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Granthshala Business’s “How America Works” host Mike Rowe reacted to reports that revealed 11 million jobs were open in the United States, warning that the workforce at “Warney & Company” was “wildly out of balance”. It is possible. Wednesday.

“We have to do more persuasive work to make the case for the opportunities that exist,” Rowe told Granthshala Business’s Stuart Varney. “And if we don’t, we’ll have a workforce that’s wildly out of balance on its own.”

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According to the Labor Department’s latest job openings and labor turnover survey, the number of jobs open nearly hit a record-high in October, as reported in July.

Rowe argues that the numbers send a “fundamental” message to Americans.

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employment opportunities at record level in october due to labor shortage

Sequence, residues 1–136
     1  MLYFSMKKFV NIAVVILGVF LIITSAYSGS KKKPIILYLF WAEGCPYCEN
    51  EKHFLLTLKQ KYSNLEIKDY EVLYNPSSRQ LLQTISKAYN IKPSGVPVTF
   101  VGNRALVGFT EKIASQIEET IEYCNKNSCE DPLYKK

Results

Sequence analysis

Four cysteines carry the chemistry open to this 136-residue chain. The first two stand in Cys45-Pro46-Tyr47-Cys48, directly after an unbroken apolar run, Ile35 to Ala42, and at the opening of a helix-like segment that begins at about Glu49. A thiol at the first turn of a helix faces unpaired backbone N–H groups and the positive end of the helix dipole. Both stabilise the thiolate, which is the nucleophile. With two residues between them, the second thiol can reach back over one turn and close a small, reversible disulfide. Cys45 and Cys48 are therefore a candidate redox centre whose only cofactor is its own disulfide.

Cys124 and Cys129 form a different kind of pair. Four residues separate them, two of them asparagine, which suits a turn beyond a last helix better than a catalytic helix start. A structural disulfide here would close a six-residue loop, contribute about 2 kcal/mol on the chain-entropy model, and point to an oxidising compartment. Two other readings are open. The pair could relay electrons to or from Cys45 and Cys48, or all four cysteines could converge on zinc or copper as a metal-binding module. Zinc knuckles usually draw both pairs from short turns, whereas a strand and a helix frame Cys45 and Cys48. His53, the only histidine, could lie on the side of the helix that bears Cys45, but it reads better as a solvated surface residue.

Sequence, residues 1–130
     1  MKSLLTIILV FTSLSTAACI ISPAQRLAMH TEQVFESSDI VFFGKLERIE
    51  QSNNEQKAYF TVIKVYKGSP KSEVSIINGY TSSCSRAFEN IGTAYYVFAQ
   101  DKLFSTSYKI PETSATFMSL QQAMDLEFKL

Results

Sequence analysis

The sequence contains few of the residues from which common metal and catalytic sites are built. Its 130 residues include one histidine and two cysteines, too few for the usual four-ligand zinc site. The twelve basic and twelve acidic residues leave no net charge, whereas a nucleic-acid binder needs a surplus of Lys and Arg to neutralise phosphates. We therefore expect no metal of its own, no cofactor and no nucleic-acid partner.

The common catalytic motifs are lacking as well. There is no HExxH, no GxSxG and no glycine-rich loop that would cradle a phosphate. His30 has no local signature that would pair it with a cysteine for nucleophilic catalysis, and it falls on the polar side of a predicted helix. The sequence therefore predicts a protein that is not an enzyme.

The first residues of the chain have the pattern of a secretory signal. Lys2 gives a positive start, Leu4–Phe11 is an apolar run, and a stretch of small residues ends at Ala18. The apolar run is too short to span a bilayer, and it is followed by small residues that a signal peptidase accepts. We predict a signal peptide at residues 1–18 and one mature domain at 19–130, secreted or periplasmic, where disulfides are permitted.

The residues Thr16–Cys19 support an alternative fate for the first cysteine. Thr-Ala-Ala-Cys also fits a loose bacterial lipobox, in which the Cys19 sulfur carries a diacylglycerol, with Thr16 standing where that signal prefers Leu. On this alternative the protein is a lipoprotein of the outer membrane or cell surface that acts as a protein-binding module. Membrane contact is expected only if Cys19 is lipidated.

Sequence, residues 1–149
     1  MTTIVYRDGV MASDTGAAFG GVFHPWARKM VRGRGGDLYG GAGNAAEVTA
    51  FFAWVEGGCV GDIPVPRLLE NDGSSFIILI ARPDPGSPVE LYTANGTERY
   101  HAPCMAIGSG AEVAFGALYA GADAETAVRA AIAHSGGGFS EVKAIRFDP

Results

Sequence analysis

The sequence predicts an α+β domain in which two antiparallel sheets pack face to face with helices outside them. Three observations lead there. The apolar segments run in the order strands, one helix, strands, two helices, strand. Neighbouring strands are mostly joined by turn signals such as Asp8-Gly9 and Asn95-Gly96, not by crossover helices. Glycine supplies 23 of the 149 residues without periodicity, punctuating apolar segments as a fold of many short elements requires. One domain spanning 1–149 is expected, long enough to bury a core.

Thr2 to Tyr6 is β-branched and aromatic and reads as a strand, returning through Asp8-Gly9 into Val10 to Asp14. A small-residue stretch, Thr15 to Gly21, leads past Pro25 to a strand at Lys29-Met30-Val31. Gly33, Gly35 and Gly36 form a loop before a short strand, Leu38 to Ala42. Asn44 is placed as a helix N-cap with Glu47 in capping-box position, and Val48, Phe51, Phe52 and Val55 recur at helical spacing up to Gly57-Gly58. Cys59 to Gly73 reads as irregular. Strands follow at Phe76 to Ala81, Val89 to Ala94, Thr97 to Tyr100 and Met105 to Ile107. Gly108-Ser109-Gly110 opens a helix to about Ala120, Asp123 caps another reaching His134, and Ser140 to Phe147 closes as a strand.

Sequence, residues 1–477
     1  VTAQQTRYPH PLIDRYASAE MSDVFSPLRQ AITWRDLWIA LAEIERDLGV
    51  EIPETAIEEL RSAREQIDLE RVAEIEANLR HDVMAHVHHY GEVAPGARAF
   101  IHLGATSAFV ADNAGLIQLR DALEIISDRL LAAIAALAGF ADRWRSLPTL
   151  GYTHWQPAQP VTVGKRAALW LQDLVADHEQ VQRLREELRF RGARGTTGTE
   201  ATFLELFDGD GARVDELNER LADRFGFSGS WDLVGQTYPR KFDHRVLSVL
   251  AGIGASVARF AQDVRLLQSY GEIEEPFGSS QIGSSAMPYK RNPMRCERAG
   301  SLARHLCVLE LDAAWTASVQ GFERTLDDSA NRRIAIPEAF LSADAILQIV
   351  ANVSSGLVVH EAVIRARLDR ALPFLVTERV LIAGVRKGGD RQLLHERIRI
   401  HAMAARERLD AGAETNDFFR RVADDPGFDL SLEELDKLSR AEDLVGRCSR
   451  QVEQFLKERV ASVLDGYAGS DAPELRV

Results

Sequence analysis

“One of the things we’re not in charge of, we can control, is the definition of a good job,” Rowe said. “When we upvote some jobs, we can’t help but deem others. When we deem some occupations essential, we can’t help but see others as essentially unnecessary. Huh.”

Rowe pointed out that the language and perception of particular industries play a large role in attracting workers.

“Let’s tackle some of the stigma, some of the stereotypes, myths and misconceptions that currently prevent people from pursuing open positions,” he said.

The areas of work that are “under attack,” Rowe said, are the same essential industries that are desperate for applicants.

“Oil, fossil fuels, lumber, salt, steel,” Rowe listed, “these are extremely important to us and every single one of those industries right now, never before has the recruitment crisis been so deep.”

While Rowe acknowledges that some politicians may argue that wages are not enough, and others say that the American workforce is becoming lazy, he ultimately argues that we need to interrupt job stigmas and stereotypes. should meet.

“It’s a position of honor and the job in question,” Rowe said.

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Rowe said his non-profit organization, the MicrowaveWorks Foundation, is home to thousands of testimonies from people who are thriving by doing smart things. And Difficult.

“We have 1,400 examples of people we’ve helped who have literally learned a skill that is in demand and got rich,” Rowe said. “So I think part of what we have to do to get this ship rolling is to tell their stories.”

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